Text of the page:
There is a significant need to analyze and quantitative histopathological data in an analogous spatially confined and preserved manner. To this end, we have developed an annotation pipeline utilizing python, CellProfiler, and other methods that are capable of allowing users to define specific regions within a whole tumor section and creating regions of interest (ROIs) that correspond to drug delivery regions eluted from an implantable microdevice used for intratumor delivery of chemotherapeutic agents. The pipeline is capable of quantitating cellular markers from IHC- or IF-stained slides for a large variety of markers and provides direct quantitative measurement of drug effect in a distance and drug concentration-dependent manner.

   Methods Top

Histological processing and slide preparation

Samples implanted with microdevices are prepared and processed using established histology workflows as shown in [Figure 1].[15] Slides are then stained and scanned on standard equipment such as Leica Bond autostainers, with images stored locally on a workstation for image processing.
Figure 1: Histology workflow. Several samples implanted with devices are embedded, sectioned, stained, and scanned, with an annotation step for determining device orientation..

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To determine drug release directions at a specific level of an embedded microdevice, a fiducial is used as a reference point for each microdevice. Fiducials can be a feature of the microdevice (e.g., a notch that is identifiable during paraffin block sectioning), or a fluorescent marker compound or drug released unilaterally, which can be detected on an unstained serial section. It can also be a physiological feature of the tumor such as a blood vessel, or a tumor region defined by histological markers such as for proliferation, hypoxia, or stromal content. Once the angle of the fiducial is determined for an embedded microdevice, the angles of all other drugs can be derived.[15]

To investigate the impact of local drug diffusion within whole-slide images (WSI), we outline below the procedure for (1) managing blocks, slides, samples, and devices, (2) defining and extracting ROIs, (3) applying cell segmentation and measuring biomarker intensities for individual objects, and then, (4) imposing a spatial context upon the cells within the ROIs.

Project structure

As a project may contain hundreds of slides, project data is stored in a structured hierarchy, as shown in [Figure 2]a. A given project is comprised of multiple blocks, each containing serial sections for each level of the implanted microdevices. This hierarchy assists in maintaining the relationships between serial sections from the same paraffin block, as microdevice positions and angles are conserved from section to section. Projects may be structured differently, provided the image analysis pipeline is adjusted accordingly.
Figure 2: Project folder layout (a) and project.json file structure (b) for a sample project

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All WSIs are stored in a folder named “slides;” snapshots of red-green-blue (RGB) images are acquired (e.g., using Aperio ImageScope) and are stored in a folder named “snapshots;” snapshots that are optionally merged and renamed with a unique identifier (e.g., drug) are stored in the “regions” folder; regions that have been annotated by CellProfiler are stored in the “regions_{annotation name}” folder. Specific names in quotation marks are arbitrary and can be adjusted by the user.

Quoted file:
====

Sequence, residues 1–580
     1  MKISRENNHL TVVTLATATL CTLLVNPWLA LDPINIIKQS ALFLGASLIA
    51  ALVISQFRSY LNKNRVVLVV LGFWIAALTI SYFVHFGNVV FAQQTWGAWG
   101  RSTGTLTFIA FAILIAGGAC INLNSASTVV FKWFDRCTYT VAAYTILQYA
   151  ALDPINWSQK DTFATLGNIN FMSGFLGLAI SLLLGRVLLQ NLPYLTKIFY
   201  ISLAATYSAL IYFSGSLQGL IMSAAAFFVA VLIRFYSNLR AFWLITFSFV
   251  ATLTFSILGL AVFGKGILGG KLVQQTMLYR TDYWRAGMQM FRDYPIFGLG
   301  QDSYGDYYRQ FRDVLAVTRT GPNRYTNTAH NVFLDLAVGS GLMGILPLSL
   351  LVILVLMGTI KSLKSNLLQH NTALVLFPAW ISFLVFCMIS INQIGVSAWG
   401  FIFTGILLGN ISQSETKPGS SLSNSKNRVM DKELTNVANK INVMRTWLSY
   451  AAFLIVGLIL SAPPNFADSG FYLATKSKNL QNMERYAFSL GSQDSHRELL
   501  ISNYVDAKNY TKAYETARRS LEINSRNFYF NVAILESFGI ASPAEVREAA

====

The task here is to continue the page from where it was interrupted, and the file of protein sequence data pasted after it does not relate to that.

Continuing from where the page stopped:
Metadata associated with a project include two regular expressions (regexes) and device layouts. Device layouts specify drug locations near a device in cylindrical coordinates, as determined by their level and angle. These metadata are contained in a “project.json” file, as shown in [Figure 2]b.

The two regexes aid reading and manipulating images when developing scripts and are used for matching and extracting metadata from snapshot and region filenames. To guarantee uniqueness within a project, snapshot filenames must contain the following fields in some order: “project,” “block,” “level,” “panel,” “sample” (e.g., 'PROJ1_BLK1_LVL1_PANEL1_SMP1.tif'); region filenames must additionally contain “drug” (e.g., “PROJ1_BLK1_LVL1_PANEL1_SMP1_DRUG1.tif”). The regexes corresponding to the above filenames in Python's regex syntax are “^(?P<project> [A-Za-z0-9-] +)_(?P<block> [A-Za-z0-9-+ ] +)_LVL(?P<level> [0-9] +)_(?P < panel> [A-Za-z0-9] +)_(?P < sample> [A-Za-z0-9-] +)\\.tif$” and “^(?P<project> [A-Za-z0-9-] +)_(?P<block> [A-Za-z0-9-+ ] +)_LVL(?P<level> [0-9] +)_(?P < panel> [A-Za-z0-9] +)_(?P < sample> [A-Za-z0-9-] +)_(?P < drug> [A-Za-z0-9-+%] +)\\.tif$,” respectively, and the exact allowable characters in each matching group may be adjusted accordingly.

Cropping regions of interest

As up to as many as ten microdevice-implanted samples may be embedded in a single paraffin block, the resulting WSIs contain numerous, irregularly shaped ROIs. To obtain these regions, we use Aperio ImageScope, a program for visualizing and annotating WSIs from Leica slide-scanning microscopes.

Several aspects of the cropping step are established before any cropping is done. A magnification level that allows ROIs to fit on a single monitor is chosen; typically, ×5 magnification is sufficient to capture the implant hole and surrounding regions of drug diffusion. Brightness and contrast are set to default values (zero) for consistency within slide batches. The filename assigned to the snapshots must follow the user-defined regular expression as defined in the project.json file.